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Anne Zaki and her husband, Naji Umran, have begun an innovative approach to ministry in the culturally rich, politically dynamic country of Egypt.

Zaki and her husband came to the United States in 2002 to attend Calvin Theological Seminary. Anne had graduated from Calvin College. After graduation from CTS, they served Christian Reformed churches in Grand Rapids, Mich., and in British Columbia.

Anne Zaki and Naji Umran and their family are back in Egypt.

Anne and Naji have returned to Egypt at a crucial moment.

“There is an urgency to us going back, especially after the overthrow of the Mubarak government,” said Zaki. Protesters asking for more freedom earlier this year forced Hosni Mubarak, Eygpt’s president, to end his 30-year rule. “Elections will be coming up and, for the first time in a long time, Christians could have a voice in the government.”

Zaki will teach at a seminary and work with the Christian community, while Naji Umran, who is Canadian, begins a ministry creating dialogue between Christians and Muslims.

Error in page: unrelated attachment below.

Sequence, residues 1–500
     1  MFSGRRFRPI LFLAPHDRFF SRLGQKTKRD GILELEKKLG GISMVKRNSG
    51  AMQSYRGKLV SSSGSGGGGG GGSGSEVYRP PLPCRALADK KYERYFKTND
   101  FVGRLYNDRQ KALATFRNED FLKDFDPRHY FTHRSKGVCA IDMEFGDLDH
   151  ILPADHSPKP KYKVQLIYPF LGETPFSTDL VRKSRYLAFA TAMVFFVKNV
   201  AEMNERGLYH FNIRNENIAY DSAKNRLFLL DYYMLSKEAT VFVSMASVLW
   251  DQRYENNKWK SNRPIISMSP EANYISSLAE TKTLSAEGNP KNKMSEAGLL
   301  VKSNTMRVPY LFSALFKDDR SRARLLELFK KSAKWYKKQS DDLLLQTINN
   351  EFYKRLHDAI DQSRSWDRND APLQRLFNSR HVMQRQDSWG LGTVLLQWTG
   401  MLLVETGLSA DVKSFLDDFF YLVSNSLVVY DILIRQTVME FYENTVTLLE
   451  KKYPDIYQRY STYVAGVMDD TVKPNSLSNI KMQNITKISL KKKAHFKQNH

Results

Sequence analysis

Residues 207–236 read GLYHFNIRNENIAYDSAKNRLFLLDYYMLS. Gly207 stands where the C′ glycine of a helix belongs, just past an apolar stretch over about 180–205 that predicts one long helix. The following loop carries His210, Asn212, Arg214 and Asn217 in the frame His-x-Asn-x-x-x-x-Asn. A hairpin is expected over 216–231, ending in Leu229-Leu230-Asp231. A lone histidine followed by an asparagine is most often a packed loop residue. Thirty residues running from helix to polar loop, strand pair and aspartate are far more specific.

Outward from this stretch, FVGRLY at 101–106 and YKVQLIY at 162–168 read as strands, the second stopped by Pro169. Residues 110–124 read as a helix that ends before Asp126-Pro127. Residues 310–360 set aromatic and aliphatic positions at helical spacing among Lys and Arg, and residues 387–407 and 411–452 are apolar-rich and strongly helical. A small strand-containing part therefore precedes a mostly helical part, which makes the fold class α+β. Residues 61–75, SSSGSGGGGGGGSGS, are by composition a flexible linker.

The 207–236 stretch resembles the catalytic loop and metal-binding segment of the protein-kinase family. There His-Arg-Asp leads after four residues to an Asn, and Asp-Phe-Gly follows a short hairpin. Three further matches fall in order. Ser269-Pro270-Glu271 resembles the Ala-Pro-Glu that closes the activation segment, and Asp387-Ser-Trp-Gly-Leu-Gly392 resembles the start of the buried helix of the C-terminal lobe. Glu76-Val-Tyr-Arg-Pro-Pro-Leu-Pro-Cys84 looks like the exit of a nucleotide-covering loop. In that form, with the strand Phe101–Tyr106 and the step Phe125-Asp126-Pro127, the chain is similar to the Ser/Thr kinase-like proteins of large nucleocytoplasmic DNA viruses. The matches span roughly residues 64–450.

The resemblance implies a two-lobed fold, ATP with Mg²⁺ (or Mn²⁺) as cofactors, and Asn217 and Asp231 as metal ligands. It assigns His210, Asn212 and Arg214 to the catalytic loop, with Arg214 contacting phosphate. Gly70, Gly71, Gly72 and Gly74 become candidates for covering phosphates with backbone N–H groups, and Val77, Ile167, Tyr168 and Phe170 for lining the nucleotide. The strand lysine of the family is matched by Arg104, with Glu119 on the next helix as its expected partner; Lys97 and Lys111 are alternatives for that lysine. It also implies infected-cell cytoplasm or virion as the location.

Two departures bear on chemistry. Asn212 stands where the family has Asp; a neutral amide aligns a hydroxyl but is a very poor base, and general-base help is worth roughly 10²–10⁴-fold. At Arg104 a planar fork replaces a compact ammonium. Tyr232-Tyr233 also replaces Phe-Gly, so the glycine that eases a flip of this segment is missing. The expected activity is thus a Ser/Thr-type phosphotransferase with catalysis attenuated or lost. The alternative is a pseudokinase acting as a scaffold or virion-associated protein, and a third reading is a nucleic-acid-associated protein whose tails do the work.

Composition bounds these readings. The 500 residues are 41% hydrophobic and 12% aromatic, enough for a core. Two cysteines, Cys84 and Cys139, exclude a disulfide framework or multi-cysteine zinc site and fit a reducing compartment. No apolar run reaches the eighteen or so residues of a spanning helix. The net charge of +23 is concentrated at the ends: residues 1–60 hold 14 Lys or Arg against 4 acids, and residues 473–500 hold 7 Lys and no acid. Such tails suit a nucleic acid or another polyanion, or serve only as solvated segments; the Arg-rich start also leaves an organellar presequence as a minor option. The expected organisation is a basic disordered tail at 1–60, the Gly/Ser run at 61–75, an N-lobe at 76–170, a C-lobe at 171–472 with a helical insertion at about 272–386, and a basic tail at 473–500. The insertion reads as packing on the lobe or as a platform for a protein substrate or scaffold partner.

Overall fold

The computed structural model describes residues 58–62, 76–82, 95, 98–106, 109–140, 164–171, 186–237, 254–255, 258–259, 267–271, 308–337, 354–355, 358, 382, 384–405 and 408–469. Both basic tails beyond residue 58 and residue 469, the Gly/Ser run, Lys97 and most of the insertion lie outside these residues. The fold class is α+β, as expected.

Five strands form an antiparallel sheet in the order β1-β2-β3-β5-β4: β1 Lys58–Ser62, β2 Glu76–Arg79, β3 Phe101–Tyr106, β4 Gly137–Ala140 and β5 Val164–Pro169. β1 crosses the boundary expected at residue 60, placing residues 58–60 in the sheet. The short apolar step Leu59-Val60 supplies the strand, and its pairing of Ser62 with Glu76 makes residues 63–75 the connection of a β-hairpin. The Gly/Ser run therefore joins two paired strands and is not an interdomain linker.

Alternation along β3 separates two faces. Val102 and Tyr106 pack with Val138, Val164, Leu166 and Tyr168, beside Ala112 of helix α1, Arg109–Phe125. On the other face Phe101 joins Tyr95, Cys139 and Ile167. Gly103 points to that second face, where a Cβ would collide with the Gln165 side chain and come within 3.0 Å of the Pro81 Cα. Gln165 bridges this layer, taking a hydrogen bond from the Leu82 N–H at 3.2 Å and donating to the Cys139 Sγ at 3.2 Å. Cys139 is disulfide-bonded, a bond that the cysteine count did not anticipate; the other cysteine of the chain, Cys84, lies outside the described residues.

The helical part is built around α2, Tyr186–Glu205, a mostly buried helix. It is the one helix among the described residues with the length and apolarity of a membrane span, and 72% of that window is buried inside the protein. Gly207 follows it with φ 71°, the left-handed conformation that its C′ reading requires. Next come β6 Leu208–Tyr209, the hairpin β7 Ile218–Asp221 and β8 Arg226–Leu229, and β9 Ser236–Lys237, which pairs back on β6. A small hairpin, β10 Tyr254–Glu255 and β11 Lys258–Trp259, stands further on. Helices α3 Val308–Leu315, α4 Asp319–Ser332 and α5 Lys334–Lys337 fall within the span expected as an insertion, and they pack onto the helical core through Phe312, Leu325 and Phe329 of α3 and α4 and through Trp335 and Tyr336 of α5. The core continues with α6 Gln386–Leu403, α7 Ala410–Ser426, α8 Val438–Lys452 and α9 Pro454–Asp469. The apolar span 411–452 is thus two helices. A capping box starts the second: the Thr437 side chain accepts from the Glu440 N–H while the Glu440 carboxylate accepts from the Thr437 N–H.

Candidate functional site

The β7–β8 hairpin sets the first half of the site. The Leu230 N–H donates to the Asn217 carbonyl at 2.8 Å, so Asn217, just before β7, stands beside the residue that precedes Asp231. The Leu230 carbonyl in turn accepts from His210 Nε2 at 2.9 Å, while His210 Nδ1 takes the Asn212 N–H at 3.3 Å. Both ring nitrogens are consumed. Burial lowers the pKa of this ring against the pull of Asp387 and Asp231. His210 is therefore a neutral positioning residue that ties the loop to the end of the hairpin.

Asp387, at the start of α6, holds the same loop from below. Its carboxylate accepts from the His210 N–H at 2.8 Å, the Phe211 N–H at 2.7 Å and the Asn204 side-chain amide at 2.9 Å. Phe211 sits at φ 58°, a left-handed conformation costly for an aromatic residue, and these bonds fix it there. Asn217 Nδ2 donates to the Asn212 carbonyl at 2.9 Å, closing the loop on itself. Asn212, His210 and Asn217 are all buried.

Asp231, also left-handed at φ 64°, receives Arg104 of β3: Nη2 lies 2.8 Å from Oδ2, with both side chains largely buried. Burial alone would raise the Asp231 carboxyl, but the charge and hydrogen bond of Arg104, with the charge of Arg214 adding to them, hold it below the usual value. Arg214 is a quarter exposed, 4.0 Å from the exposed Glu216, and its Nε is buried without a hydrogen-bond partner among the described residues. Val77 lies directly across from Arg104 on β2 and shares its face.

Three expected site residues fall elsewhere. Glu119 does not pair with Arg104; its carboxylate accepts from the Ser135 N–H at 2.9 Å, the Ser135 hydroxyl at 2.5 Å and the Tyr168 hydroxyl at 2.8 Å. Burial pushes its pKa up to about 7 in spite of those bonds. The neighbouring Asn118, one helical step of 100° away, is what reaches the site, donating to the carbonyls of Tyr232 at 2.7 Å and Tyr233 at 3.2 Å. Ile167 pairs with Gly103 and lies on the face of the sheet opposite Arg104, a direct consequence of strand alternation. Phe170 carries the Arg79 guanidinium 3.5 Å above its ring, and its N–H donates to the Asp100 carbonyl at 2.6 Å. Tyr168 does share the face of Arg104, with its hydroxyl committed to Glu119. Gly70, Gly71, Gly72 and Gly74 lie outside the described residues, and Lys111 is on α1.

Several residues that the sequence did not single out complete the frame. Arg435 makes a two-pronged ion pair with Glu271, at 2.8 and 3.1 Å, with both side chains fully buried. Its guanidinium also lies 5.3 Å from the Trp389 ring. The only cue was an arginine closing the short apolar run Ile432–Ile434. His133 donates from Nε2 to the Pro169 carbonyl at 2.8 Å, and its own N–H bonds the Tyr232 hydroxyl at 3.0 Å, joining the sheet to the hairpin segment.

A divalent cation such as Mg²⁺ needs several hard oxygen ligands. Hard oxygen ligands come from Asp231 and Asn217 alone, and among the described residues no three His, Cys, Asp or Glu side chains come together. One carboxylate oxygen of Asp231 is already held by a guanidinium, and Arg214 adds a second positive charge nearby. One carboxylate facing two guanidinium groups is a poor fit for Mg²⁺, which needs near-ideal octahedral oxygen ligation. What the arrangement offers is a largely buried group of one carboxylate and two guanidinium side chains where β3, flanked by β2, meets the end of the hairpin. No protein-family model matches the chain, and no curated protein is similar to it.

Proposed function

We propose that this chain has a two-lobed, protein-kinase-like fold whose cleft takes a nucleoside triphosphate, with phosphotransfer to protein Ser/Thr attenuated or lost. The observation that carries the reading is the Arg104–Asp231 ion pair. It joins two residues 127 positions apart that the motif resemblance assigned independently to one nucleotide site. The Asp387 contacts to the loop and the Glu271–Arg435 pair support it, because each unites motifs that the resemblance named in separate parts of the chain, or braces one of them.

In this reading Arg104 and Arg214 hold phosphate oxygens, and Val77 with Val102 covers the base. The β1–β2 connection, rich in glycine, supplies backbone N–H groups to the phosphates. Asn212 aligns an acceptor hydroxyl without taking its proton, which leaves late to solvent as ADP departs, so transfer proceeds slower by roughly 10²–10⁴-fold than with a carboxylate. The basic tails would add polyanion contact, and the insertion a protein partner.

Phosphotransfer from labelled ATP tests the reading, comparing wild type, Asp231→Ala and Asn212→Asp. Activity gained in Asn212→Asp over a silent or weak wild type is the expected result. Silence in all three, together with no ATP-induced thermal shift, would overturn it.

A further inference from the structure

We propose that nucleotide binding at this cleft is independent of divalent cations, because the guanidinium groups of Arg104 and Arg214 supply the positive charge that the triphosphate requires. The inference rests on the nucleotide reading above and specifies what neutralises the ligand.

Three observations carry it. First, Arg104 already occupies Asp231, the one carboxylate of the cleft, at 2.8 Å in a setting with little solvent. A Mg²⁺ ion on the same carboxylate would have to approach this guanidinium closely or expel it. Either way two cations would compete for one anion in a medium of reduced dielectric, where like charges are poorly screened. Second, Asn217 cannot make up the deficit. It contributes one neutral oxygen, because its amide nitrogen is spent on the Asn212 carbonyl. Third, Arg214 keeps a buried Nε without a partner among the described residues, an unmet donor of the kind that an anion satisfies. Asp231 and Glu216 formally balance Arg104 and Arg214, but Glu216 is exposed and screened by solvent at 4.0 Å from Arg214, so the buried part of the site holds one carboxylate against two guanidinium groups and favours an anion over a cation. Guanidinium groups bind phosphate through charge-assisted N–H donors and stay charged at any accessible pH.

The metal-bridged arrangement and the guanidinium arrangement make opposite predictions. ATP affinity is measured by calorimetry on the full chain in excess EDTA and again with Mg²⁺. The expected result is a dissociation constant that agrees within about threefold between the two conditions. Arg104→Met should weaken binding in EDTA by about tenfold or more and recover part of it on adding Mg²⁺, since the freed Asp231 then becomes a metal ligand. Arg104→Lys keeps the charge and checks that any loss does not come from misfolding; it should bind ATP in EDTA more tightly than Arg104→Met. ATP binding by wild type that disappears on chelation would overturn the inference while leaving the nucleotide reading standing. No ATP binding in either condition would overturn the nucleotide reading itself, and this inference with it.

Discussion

“We will be speaking about Reformed culture, which teaches us to be very active agents for change in the world. That is a beneficial learning to take with us,” Zaki says.

Peter VanderMeulen, director of the CRC’s Office of Social Justice, says he is encouraged by the type of work Zaki and Umran will be doing in the heart of a country that experiences all the tensions and opportunities that exist for building relationships between Christians and Muslims in the Middle East.

“Anne is a wonderful, brilliant, and energetic person of faith,” VanderMeulen says. “We are very fortunate that she and her husband will be working right there on the ground.”

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